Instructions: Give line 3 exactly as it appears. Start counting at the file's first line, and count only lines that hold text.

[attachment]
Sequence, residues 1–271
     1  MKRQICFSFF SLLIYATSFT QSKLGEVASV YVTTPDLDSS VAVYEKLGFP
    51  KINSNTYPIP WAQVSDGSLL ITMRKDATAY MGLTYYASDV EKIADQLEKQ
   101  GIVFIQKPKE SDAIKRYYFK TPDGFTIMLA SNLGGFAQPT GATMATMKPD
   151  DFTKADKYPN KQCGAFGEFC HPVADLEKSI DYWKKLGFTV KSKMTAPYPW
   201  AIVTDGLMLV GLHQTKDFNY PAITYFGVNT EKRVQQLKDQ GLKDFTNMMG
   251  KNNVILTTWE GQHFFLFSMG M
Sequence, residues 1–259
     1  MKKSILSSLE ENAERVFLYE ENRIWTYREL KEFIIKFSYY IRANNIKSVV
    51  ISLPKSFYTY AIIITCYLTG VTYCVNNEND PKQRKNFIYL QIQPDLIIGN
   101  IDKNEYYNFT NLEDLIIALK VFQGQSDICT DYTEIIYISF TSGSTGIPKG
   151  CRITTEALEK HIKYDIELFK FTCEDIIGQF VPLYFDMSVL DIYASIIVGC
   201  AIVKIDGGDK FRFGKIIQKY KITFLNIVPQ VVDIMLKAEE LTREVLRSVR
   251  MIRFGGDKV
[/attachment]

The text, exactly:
    51  KINSNTYPIP WAQVSDGSLL ITMRKDATAY MGLTYYASDV EKIADQLEKQ